The bankrupt tech incubator Quirky, known for selling smart-home devices, has joined the roster of businesses suing Facebook for allegedly providing incorrect data about the length of time that users spent watching video ads.
The lawsuit stems from last year's revelations that Facebook inflated the average time spent viewing ad clips by 60% to 80%. Facebook said in September that its mistaken calculations did not affect billing.
But Quirky alleges in a class-action complaint filed Tuesday in San Francisco federal court that Facebook's "misrepresentations" about video ad metrics induced marketers "to pay more for Facebook video advertising than they otherwise would have been willing to pay."
Quirky adds that Facebook’s statements about video metrics gave it "an unfair competitive advantage over other online video advertising platforms, such as YouTube, LinkedIn, and Twitter," and also interfered with advertisers' attempts "to utilize Facebook’s video advertising analytics, and to run effective video advertising campaigns."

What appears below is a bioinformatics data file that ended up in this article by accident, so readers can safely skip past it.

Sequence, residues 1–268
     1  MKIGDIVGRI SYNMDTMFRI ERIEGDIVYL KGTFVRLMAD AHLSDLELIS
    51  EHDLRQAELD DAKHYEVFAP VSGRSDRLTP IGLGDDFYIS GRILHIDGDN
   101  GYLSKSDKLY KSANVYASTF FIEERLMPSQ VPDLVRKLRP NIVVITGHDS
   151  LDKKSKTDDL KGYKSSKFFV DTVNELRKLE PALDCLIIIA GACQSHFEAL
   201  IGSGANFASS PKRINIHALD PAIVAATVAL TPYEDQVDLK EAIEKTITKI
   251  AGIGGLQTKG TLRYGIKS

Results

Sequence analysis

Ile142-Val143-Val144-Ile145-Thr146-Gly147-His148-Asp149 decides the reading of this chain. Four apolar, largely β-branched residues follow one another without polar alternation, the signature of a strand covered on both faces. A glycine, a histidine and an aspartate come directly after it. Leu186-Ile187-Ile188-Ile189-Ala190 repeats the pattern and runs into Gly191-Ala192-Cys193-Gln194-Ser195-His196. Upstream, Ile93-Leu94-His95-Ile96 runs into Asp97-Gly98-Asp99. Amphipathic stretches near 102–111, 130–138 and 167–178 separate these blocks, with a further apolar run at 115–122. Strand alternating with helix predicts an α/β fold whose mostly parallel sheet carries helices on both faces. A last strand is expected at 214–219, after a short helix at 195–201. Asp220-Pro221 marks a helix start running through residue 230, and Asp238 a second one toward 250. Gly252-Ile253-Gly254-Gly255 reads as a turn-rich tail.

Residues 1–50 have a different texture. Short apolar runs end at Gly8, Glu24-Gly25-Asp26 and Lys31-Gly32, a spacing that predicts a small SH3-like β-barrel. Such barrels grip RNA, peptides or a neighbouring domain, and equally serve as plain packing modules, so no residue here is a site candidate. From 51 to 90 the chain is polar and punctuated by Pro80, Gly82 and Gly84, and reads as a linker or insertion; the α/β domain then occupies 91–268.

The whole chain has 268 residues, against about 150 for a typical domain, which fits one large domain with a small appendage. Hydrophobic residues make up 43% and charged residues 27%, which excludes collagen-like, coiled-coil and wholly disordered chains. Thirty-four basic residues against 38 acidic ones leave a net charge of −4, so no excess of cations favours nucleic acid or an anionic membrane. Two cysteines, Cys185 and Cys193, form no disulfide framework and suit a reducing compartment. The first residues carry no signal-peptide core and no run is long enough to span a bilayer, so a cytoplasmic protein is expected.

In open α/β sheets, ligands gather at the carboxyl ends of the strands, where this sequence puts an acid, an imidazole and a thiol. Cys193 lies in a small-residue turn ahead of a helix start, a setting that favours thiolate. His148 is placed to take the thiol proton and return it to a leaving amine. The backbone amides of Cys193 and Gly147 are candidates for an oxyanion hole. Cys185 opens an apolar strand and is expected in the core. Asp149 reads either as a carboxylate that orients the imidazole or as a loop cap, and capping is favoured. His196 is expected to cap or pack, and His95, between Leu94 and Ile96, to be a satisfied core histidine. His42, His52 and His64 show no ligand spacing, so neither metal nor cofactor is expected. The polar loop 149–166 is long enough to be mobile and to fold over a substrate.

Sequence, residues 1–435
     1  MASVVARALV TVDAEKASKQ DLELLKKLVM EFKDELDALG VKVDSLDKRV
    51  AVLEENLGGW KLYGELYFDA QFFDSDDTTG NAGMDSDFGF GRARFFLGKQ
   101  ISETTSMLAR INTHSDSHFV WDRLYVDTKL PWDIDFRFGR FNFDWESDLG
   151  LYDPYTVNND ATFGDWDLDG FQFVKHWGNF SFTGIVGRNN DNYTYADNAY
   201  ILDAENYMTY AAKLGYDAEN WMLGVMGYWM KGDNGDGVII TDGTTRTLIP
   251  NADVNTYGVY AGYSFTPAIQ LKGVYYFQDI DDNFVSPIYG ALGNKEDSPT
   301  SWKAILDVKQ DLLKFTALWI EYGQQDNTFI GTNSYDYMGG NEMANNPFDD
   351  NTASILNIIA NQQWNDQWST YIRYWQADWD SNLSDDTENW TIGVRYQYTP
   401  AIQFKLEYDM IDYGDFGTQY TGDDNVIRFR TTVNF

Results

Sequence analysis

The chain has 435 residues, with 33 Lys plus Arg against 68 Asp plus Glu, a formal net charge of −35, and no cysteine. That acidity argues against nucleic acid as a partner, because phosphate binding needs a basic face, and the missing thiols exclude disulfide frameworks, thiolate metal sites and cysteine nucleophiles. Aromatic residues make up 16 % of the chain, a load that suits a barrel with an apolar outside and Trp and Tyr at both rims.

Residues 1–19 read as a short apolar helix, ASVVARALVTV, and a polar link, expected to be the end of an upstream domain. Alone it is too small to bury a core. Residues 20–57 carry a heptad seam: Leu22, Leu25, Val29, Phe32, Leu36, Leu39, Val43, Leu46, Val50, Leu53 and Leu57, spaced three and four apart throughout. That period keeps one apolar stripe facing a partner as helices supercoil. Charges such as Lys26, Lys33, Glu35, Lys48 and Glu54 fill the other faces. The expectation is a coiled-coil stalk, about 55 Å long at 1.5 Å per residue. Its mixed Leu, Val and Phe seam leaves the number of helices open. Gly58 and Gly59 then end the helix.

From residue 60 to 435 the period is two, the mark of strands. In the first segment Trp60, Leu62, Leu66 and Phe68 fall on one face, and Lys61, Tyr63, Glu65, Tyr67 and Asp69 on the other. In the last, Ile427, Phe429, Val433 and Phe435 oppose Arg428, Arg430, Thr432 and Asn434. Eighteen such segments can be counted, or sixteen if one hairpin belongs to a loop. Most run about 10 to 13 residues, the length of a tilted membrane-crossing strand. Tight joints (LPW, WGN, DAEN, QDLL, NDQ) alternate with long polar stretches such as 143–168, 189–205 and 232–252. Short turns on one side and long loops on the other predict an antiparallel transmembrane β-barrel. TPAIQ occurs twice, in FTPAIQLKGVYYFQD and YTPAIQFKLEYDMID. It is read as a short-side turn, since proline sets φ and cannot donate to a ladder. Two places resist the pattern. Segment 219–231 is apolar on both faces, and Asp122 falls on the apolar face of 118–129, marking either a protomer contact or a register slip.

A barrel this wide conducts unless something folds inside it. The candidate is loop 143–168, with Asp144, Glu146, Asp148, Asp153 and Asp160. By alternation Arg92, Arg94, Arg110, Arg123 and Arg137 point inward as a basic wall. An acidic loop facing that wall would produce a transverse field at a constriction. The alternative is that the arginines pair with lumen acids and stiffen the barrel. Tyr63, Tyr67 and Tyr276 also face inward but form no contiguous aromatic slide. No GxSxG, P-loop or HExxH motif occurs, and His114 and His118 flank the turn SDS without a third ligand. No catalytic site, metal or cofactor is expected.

Quirky alleges that Facebook's representations amount to a fraudulent practice under California law.
"The calculation errors ... were obvious errors that would have been discovered by a reasonable auditing and verification process," Quirky argues. "Facebook’s failure to employ reasonable auditing and verification procedures gave it an unfair competitive advantage, as it allowed Facebook to provide video-advertising services at a lower cost and made those advertising services appear to be more effective than they were."
Facebook is already facing a separate class-action complaint, filed in October, over the inflated metrics.
That earlier case, which alleges that Facebook violated various laws, was filed in October on behalf of three marketers -- Tom Letizia, Mark Fierro and Greg Agustin. Last month, several additional marketers, including the Nevada-based Abbi Agency, joined in that complaint.